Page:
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Egyptian police sweep for terror ties

CAIRO, Egypt – Police detained about 200 people on Sunday from the villages of three attackers responsible for a bomb blast and tour bus attack near Cairo tourist sites the day before, authorities said.

The records of the detainees, from the villages of al-Ammar and Ezbet al-Gabalawi north of Cairo, are being examined for any connections with local terror networks, police said.

On Saturday, a man identified as a suspect in an April 7 bombing blew himself up as he leapt off a bridge during a police chase, officials said.

Less than two hours later, two veiled women – reportedly the man’s sister and fiancee – attacked a tour bus. Officials and media said the bus was carrying Israeli tourists. Nine people, four of them foreigners, were wounded in the apparent revival of violence against Egypt’s vital tourism industry.

Egyptian authorities denied that major militant groups have returned to the violence that plagued the country during a bloody campaign by Islamic extremists in the 1990s. They said Saturday’s violence was a result of a government crackdown on a small militant cell it says carried out an April 7 suicide bombing near a Cairo tourist bazaar that killed two French tourists and an American.

In a statement Sunday, the opposition Al-Ghad Party said the violence is the result of an “environment of oppression and depression,” a reference to emergency laws the country has lived under since 1981. Opposition groups have called on President Hosni Mubarak to revoke the laws.

The Interior Ministry said the bombing was a reaction to a police roundup of those behind the bazaar bombing in April.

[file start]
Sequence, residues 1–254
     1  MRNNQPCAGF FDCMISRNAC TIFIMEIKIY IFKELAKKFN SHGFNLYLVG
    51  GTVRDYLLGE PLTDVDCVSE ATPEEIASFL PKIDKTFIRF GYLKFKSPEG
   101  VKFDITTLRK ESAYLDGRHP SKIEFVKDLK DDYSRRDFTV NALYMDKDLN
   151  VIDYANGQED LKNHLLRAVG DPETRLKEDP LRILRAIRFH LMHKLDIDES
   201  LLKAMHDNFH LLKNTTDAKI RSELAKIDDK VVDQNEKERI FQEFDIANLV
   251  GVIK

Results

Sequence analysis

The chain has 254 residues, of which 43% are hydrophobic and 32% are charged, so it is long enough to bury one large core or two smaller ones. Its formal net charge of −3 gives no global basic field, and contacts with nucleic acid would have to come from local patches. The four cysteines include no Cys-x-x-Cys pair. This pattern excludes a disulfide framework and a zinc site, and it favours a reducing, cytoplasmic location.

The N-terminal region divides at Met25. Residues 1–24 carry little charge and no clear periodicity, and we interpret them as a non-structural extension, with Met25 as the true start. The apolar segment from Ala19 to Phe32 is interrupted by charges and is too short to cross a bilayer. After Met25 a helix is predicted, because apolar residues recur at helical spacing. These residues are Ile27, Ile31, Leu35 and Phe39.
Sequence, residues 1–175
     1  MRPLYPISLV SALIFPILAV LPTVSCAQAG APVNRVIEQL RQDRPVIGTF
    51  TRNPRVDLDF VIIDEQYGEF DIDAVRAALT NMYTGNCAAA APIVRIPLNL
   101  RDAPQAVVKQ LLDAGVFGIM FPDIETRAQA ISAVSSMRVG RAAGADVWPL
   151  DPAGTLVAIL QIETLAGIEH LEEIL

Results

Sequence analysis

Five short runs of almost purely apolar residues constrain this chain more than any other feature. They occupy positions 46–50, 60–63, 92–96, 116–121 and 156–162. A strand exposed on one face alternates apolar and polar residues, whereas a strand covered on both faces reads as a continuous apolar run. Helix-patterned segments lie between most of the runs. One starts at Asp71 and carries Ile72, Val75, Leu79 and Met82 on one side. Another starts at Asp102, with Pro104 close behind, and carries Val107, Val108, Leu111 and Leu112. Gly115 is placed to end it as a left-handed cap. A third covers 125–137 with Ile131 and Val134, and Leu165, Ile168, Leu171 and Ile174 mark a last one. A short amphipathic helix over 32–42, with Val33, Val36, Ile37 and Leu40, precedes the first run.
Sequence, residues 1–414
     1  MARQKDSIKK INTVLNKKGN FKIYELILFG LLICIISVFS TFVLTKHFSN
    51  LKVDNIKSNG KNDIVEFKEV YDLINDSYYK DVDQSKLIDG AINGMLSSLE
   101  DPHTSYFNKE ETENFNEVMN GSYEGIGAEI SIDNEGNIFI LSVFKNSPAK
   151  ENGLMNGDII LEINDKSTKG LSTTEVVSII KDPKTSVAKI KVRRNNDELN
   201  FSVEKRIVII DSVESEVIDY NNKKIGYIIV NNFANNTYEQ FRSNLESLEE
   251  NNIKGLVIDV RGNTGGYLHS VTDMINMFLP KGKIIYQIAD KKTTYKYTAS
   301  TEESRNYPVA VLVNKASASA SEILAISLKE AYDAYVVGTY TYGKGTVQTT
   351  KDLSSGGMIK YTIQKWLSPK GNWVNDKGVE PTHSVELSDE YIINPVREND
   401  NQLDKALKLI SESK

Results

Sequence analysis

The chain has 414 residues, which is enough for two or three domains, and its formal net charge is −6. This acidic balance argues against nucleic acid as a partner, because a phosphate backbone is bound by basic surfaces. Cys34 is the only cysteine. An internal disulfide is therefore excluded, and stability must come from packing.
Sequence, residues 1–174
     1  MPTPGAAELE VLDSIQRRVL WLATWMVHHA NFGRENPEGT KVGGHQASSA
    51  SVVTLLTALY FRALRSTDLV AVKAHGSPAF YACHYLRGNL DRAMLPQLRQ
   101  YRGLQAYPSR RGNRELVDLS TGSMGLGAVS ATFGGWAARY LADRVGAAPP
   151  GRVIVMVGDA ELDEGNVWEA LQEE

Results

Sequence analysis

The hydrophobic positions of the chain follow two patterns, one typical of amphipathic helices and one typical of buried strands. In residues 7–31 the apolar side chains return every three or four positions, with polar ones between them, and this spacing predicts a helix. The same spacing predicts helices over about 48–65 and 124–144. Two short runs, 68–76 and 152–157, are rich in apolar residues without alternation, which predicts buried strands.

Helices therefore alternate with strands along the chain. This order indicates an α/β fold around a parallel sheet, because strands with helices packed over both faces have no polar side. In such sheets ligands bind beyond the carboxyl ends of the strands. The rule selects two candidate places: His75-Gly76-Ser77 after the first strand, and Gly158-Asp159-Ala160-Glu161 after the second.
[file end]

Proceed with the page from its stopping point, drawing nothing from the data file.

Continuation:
Officials said police captured two suspects Saturday in connection with that attack and were chasing a third on a highway overpass when he jumped off, setting off a nail-filled bomb.

The explosion in the center of Cairo wounded three Egyptians, an Israeli couple, a Swedish man and an Italian woman. The two women who carried out the shooting attack on the bus near the historic Citadel site were identified as Negat Yassin, the bomber’s sister, and Iman Ibrahim Khamis, his fiancee, both in their 20s.

After firing on the tour bus, Yassin shot and wounded her companion before killing herself. Khamis died later of her wounds. Officials said they had acted in revenge for the death of their brother and fiance.

Two militant groups posted Web statements claiming responsibility for the attacks. Neither claim could be verified. One group said Saturday’s violence was done in revenge for the arrests of thousands of people in Sinai after bombings at two resorts there killed 34 people last October.


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